I confess, I preach from a Samsung Galaxy Tab, so I may be jumping fences here in sending this article forward, but Tim Challies has some excellent tips on preaching from an iPad.
I started preaching from my Galaxy Tab about six months ago and truly love it. It’s environmentally sound (because I don’t have to print off my sermon on paper, using precious wood and ink unnecessarily), and I don’t have to worry about misplacing my notes—they are all there.
Just heed the tips Mr. Challies gives! Hint: You don’t want your SportsCenter app to go off in the middle of your sermon. You can find out how the Bengals did after the service.
I’d love your thoughts on the matter.
Steve Lawson gives ten characteristics of Calvin’s preaching that we expositors would do well to emulate. You can read more about this in his book John Calvin: A Heart for Devotion, Doctrine, and Doxology .
“Let those who would discharge aright the ministry of the gospel learn, not merely to speak and declaim, but to penetrate into the consciences of men, to make them see Christ crucified, and feel the shedding of his blood. When the Church has painters such as these, she no longer needs the dead images of wood and stone, she no longer requires pictures; both of which, unquestionably, were first admitted to Christian temples when the pastors had become dumb and been converted into mere idols, or when they uttered a few words from the pulpit in such a cold and careless manner, that the power and efficacy of the ministry were utterly extinguished.”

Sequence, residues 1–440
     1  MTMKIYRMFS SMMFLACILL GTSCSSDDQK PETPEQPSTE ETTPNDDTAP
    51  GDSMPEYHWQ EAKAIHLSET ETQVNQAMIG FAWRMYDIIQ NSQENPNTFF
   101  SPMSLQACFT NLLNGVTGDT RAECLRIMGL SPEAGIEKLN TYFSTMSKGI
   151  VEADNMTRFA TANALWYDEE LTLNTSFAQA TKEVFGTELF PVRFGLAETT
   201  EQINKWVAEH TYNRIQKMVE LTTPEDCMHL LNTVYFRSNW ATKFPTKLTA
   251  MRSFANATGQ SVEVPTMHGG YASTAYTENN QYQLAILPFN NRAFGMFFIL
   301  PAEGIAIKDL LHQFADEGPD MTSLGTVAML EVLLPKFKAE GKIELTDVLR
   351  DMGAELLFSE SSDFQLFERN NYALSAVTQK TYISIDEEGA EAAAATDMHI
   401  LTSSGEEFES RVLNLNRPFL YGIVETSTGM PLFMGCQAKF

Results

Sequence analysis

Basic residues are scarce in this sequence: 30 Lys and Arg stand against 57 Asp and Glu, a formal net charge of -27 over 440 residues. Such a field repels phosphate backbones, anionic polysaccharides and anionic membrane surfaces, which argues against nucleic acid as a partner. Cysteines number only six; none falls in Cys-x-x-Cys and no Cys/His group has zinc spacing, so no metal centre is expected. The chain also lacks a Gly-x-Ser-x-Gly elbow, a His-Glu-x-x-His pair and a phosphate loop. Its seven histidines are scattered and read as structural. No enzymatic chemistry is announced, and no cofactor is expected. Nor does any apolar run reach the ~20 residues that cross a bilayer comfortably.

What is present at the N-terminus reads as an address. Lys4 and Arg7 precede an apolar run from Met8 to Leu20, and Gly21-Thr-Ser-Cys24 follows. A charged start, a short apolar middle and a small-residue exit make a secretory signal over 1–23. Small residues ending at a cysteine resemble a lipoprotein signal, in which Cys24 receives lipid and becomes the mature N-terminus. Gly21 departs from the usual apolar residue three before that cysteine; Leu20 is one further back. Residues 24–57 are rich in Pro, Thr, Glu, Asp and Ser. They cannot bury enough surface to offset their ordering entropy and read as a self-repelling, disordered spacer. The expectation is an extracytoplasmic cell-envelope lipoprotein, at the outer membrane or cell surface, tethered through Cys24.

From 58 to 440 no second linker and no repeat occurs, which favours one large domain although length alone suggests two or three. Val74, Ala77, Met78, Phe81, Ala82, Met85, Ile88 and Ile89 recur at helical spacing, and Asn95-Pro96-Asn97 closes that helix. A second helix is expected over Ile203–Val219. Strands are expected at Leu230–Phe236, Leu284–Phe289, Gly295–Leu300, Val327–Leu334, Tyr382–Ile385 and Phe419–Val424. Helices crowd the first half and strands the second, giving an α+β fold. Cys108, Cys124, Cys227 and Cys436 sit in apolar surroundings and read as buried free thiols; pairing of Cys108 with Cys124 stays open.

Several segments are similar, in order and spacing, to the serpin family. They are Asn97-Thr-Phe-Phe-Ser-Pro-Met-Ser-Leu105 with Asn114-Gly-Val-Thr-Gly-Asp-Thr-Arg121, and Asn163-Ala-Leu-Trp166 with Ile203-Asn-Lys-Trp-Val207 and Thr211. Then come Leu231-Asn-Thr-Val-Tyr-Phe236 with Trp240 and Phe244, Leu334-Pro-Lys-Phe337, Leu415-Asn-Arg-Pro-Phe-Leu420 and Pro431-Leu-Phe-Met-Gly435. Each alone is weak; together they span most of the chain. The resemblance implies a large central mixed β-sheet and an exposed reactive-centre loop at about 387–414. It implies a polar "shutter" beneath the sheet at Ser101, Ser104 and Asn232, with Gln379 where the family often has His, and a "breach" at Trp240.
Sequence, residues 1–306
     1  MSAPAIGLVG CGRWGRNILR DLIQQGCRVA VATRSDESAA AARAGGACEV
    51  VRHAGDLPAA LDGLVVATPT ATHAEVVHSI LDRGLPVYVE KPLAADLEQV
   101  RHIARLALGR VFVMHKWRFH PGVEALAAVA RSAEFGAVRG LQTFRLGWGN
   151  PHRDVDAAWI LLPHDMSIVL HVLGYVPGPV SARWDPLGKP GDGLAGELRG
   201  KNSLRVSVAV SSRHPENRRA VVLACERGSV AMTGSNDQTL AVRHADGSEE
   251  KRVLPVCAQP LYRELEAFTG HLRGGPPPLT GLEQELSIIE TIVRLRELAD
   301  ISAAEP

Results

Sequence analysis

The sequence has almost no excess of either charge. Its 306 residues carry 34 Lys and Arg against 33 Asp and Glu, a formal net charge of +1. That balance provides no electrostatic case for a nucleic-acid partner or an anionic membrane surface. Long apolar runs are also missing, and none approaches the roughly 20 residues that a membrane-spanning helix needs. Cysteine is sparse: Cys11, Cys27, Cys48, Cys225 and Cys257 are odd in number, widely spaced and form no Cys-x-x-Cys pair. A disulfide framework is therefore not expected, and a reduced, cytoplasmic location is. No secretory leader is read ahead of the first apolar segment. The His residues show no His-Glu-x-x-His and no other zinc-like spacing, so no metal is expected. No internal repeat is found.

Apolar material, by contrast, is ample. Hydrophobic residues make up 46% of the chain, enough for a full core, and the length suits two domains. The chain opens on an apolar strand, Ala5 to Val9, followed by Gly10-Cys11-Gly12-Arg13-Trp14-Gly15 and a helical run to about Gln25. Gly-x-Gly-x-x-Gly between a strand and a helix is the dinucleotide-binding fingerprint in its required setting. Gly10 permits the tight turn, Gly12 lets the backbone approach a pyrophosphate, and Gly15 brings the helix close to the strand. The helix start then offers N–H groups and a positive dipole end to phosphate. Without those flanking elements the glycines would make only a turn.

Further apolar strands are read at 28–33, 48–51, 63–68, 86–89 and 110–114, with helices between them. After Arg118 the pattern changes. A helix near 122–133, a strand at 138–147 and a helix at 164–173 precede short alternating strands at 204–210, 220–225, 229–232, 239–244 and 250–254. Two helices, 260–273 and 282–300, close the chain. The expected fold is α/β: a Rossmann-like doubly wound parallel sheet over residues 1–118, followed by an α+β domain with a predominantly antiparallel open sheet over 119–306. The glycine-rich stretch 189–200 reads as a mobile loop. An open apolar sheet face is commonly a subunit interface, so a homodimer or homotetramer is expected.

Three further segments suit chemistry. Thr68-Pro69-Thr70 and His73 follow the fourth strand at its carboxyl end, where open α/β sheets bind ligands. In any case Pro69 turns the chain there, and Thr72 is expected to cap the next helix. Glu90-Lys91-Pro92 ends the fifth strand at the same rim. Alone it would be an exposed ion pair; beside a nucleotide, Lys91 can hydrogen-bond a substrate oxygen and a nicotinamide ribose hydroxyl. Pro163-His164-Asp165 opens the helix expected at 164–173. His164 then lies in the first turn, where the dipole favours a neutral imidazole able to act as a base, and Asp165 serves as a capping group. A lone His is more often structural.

–John Calvin, Commentary on Galatians, p. 81.
D.A. Carson is one of my favorite scholars. His commitment to Biblical authority and his helpfulness in preaching the Scriptures rightly has been something from which I’ve benefited for years.
Below are lectures he gave in regards to preaching from the gospels and the apocalyptic literature in Scripture. (HT: Monergism)
Preaching the Gospels 1 (MP3)
Preaching the Gospels 2 (MP3)
Preaching the Gospels 3 (MP3)
Preaching Apocalyptic 1 (MP3)
Preaching Apocalyptic 2 (MP3)
After an almost six month hiatus, delving in almost exclusively to my Gospel Gripped blog, I am now back to posting periodically at this blog, now retooled and been renamed: Exposition Avenue.
Exposition Ave. is the name of a street here in Denver. I would pass it frequently, and I thought to myself, “Wouldn’t it be great if our churches travelled on this road; not literally, but in practice? Wouldn’t it be great if not just our preaching, but every part of our church life here at Arapahoe Road Baptist Church was an exposition of the teaching of Scripture?”
My passion for expositional preaching stems from a personal journey that has included a life of ‘impositional living’—that is, me imposing my own interpretation and my own ‘reading’ upon the Scripture. There is no room for this! We expose the true meaning, context, and application directly from Scripture by the means of the Holy Spirit so as to expose the idols of our lives, have them toppled, so the Spirit would reign full and free.